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BrooklynBus last won the day on May 6 2018

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About BrooklynBus

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  1. Supposedly the passenger loads are not heavy enough to warrant them.
  2. I was the one who suggested the B83 to the MTA. They initially rejected it, but after studying it for a full three years accepted it. They also thought they couldn’t operate buses on the Belt Pkway until I told them they only needed a permit from DOT. Shortly after I informed them of that requirement, buses started to regularly operate on the Belt Parkway not in service from Ulmer Park to both ends of the B1 route.
  3. As stated in the report I wrote, https://onedrive.live.com/?authkey=!AECZ9f76b9ClYys&cid=27B4793AC6019868&id=27B4793AC6019868!185&parId=27B4793AC6019868!105&o=OneUp asking someone to choose either frequency or coverage is like asking a prisoner who has not been given anything to eat or drink in a week if he would prefer food or water.
  4. Those machines were all replaced after three years because being the first SBS route, the MTA forgot to weather protect them. How many taxpayer dollars were wasted? The machines have a ten year lifespan.
  5. https://www.qchron.com/opinion/letters_to_the_editor/machines-killing-metrocards/article_93907577-a46a-5b1d-a03d-58efc364c4f1.html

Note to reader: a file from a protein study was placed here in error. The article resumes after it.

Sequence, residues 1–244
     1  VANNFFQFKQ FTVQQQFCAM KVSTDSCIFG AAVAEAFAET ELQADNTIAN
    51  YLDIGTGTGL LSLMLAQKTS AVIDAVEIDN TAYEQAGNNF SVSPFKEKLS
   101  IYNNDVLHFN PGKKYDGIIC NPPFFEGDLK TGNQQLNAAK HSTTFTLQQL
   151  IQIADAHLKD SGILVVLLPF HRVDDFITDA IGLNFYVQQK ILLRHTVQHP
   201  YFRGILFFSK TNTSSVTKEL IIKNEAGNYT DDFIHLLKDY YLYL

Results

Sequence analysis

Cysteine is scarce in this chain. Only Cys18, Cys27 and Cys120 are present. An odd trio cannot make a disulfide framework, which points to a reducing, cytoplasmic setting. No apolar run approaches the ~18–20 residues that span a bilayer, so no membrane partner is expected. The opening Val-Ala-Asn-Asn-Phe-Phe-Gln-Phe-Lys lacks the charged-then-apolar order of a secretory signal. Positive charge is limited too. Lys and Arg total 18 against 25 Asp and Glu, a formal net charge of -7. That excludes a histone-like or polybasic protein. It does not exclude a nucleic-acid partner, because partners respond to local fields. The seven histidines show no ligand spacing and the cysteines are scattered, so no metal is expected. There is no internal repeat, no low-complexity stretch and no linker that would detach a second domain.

6. Everything costs money and all transit is in competition for the same funds. I think it is far more efficient to spend those scarce funds on increasing bus service rather than on more bike lanes. There is a direct relationship between the amount of bus service and the amount of passengers using that service. Many cyclists are on,y cycling because of the poor state out bus system is in in terms of reliability and scarce service on certain lines. As far as low car usage in Manhattan, I don't think the question is the the percentage of trips made by auto which is admittedly low, but the amount of congestion which is the greatest in Manhattan. Every additional bike lane that reduces lane capacity only increases traffic congestion for buses as well as cars, and that can't be ignored. And that's for a very small percentage of trips. The percent of people cycling in Manhattan is evenness smaller than the numbers of those in autos. I agree that bikes should be allowed on sidewalks in certain instances, certainly if no pedestrians are present on the block. It would be much safer than them traveling on the street and the city would safe the cost of constructing and maintaining a bike lane. Agree that dangerous driving contributes to most pedestrian fatalities. But I disagree with the assumption regarding the percentage of drivers who drive unsafely on city streets. I would guess it may be something like two percent. I think the percentage who drive unsafely on highways is ten times that amount from my fifty years of driving experience. I still remember a film I saw about 40 years ago in my defensive driving course that discussed what causes automobile accidents and the answer was that there are always at least three factors involved and if only one of the three were not present, the accident would have been avoided. That is why a believe that the lack of lighting contributed to my friend's accident with the cyclist. Even with the cyclist being inattentive, a functional street lamp would have allowed my friend and myself to see him when he was 150 from the intersection. And I know you said you never had an issue, but from my experience, I found it can be very difficult to see cyclists and pedestrians even if you are very attentive, if the cyclist is somewhere you don't expect to see him like cycling at night between the double yellow line without reflectors or lights and wearing dark clothing even with adequate lighting. Also, sun glare can be so blinding that it is impossible to see a cyclist or a pedestrian if it suddenly occurs without warning which is why I always where sunglasses at dusk if driving facing west.